Listen Up, London; Tune in to 104.4FM and You Might Hear British Folk, Indian Classical Music or Improv ? It's the Sound of the Capital's Newest Radio Station Experimenting

By Steward, Sue | The Evening Standard (London, England), May 16, 2002 | Go to article overview

Listen Up, London; Tune in to 104.4FM and You Might Hear British Folk, Indian Classical Music or Improv ? It's the Sound of the Capital's Newest Radio Station Experimenting


Steward, Sue, The Evening Standard (London, England)


Byline: SUE STEWARD

IS London ready for art radio? Does London know or even care about art radio? It is too late for conjecture: Britain's first art radio station, Resonance FM, has a 12-month licence and is already on air. If you live within a 5km radius of its Bankside transmitter and stray to the fringes of the FM waveband, you will enter a world unlike anything else on the dial; you could occasionally imagine you'd hit interference from your local minicab radio.

That's the idea, says project co-ordinator Ed Baxter, who describes the station as "a laboratory for experimentation", "an archive for the new, the undiscovered and the forgotten" and "an invisible gallery". Its menu offers "everything from British folk to Indian classical music to improv".

Trying to pin down "art radio" (a phrase of obscure origin that has only recently seeped into Britain) brings a vague response from Baxter. We are not talking about an attempt to emulate the worthiness of Radio 3. This is not a conventional station with arts content, but something of a new art form in itself.

The people involved want a station "devoid of boundaries" and with "space for experimentation".

Although there have been many precedents abroad (email congratulations have arrived from weblisteners in Chile), the conservatism surrounding radio in this country has discouraged such anarchic ventures until now. The usual view was: leave that sort of stuff to the pirates.

The starting point for Resonance FM was the experimental, 24-hour-a-day art radio station run (legally) during John Peel's 1998 Meltdown festival. The organisation behind it was a 25-year-old loose artistic assembly called the London Musicians' Collective.

When, in May 2001, the Radio Authority invited applications from community groups for 15 broadcasting licences, the LMC was in the queue with 170 other hopefuls. Eleven of these are now broadcasting, including a children's station in Leicester and a Punjabi community service in Southall. Resonance FM's "community" is the substantial audience for crossover bonanzas such as the South Bank's Meltdown and the Barbican's Only Connect festivals. …

The rest of this article is only available to active members of Questia

Sign up now for a free, 1-day trial and receive full access to:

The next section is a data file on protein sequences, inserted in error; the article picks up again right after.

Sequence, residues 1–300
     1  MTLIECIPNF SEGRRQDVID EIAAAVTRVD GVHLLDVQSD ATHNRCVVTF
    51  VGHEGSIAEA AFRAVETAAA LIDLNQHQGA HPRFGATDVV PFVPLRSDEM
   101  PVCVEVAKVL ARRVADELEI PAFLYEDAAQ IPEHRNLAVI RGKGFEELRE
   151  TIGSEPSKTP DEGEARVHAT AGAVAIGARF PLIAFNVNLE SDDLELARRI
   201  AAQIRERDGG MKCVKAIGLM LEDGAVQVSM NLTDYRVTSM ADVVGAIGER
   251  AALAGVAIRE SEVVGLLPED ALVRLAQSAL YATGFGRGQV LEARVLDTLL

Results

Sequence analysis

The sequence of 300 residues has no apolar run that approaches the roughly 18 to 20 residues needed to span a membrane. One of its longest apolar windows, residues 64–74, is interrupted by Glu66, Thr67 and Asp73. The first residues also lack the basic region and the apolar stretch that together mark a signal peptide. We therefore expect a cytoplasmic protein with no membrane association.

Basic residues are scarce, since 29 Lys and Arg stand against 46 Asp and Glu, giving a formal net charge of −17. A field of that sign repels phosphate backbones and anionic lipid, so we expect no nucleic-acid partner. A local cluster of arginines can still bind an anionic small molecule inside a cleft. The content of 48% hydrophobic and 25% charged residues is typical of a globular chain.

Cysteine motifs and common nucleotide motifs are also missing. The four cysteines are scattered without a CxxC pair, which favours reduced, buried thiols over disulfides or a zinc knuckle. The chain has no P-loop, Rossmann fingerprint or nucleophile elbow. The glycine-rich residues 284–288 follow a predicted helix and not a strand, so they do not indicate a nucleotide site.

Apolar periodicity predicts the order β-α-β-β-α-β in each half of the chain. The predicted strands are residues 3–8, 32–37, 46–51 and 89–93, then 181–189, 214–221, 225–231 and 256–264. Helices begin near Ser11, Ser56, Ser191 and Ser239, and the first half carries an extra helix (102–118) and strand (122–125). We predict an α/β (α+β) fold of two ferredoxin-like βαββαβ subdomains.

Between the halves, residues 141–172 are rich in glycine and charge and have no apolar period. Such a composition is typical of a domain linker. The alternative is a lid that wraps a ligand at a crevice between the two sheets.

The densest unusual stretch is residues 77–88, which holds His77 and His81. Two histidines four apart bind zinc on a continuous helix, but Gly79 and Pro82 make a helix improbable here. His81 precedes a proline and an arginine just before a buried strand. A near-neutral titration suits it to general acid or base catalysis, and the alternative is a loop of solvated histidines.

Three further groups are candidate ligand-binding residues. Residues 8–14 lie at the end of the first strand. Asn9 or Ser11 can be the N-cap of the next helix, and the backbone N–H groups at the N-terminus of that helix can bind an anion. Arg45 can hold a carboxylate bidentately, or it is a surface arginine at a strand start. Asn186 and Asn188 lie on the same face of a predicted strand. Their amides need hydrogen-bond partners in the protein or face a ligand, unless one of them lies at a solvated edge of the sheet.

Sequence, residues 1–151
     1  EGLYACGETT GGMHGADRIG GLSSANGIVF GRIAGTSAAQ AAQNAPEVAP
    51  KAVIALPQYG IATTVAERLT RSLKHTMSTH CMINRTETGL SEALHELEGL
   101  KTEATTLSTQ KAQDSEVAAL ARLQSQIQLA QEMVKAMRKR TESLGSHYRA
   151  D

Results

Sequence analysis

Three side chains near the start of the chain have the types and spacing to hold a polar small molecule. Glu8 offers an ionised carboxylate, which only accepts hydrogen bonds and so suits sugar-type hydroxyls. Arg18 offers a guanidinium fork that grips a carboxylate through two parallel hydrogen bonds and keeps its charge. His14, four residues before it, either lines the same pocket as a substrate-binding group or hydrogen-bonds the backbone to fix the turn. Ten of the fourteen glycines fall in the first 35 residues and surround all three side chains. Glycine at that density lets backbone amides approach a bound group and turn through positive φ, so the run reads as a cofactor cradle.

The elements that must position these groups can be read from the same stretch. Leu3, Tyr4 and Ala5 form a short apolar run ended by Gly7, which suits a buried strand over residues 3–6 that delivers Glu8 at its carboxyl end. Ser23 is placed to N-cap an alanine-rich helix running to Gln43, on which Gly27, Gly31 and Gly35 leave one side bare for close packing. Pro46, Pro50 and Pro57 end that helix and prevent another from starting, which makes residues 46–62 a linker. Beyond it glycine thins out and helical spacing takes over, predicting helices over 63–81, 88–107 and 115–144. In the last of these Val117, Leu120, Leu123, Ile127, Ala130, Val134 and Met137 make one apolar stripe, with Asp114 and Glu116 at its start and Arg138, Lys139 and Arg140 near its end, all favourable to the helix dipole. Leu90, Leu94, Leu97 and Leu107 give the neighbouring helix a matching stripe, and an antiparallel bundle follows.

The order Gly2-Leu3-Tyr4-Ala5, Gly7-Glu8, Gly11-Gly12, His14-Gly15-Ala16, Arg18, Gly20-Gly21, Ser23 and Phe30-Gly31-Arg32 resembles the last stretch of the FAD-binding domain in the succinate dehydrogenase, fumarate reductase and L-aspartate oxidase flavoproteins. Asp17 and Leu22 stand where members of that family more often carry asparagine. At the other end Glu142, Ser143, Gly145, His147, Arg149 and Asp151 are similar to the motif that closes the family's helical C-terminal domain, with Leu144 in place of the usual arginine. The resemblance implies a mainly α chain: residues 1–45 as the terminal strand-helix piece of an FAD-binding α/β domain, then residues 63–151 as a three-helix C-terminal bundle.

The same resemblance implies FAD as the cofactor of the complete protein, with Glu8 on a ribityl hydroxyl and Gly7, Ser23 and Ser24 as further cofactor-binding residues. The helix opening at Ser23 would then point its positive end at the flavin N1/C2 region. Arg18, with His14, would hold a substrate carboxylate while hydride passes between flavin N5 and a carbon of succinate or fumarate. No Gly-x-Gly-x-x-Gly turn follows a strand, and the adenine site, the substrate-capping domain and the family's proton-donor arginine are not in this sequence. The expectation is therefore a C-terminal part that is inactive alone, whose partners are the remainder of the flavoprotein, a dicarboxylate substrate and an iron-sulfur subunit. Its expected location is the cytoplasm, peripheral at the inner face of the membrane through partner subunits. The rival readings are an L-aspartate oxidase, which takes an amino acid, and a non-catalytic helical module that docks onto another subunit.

• Questia's entire collection
  • Automatic bibliography creation
  • More helpful research tools like notes, citations, and highlights
  • Ad-free environment

Already a member? Log in now.

Notes for this article

Add a new note
If you are trying to select text to create highlights or citations, remember that you must now click or tap on the first word, and then click or tap on the last word.
One moment ...
Default project is now your active project.
Project items

Items saved from this article

This article has been saved
Highlights (0)
Some of your highlights are legacy items.

Highlights saved before July 30, 2012 will not be displayed on their respective source pages.

You can easily re-create the highlights by opening the book page or article, selecting the text, and clicking “Highlight.”

Citations (0)
Some of your citations are legacy items.

Any citation created before July 30, 2012 will labeled as a “Cited page.” New citations will be saved as cited passages, pages or articles.

We also added the ability to view new citations from your projects or the book or article where you created them.

Notes (0)
Bookmarks (0)

You have no saved items from this article

Project items include:
  • Saved book/article
  • Highlights
  • Quotes/citations
  • Notes
  • Bookmarks
Notes
Cite this article

Cited article

Style
Citations are available only to our active members.
Sign up now to cite pages or passages in MLA, APA and Chicago citation styles.

(Einhorn, 1992, p. 25)

(Einhorn 25)

1

1. Lois J. Einhorn, Abraham Lincoln, the Orator: Penetrating the Lincoln Legend (Westport, CT: Greenwood Press, 1992), 25, http://www.questia.com/read/27419298.

Cited article

Listen Up, London; Tune in to 104.4FM and You Might Hear British Folk, Indian Classical Music or Improv ? It's the Sound of the Capital's Newest Radio Station Experimenting
Settings

Settings

Typeface
Text size Smaller Larger Reset View mode
Search within

Search within this article

Look up

Look up a word

  • Dictionary
  • Thesaurus
Please submit a word or phrase above.
Print this page

Print this page

Why can't I print more than one page at a time?

Full screen

matching results for page

Cited passage

Style
Citations are available only to our active members.
Sign up now to cite pages or passages in MLA, APA and Chicago citation styles.

"Portraying himself as an honest, ordinary person helped Lincoln identify with his audiences." (Einhorn, 1992, p. 25).

"Portraying himself as an honest, ordinary person helped Lincoln identify with his audiences." (Einhorn 25)

"Portraying himself as an honest, ordinary person helped Lincoln identify with his audiences."1

1. Lois J. Einhorn, Abraham Lincoln, the Orator: Penetrating the Lincoln Legend (Westport, CT: Greenwood Press, 1992), 25, http://www.questia.com/read/27419298.

Cited passage

Thanks for trying Questia!

Please continue trying out our research tools, but please note, full functionality is available only to our active members.

Your work will be lost once you leave this Web page.

For full access in an ad-free environment, sign up now for a FREE, 1-day trial.

Already a member? Log in now.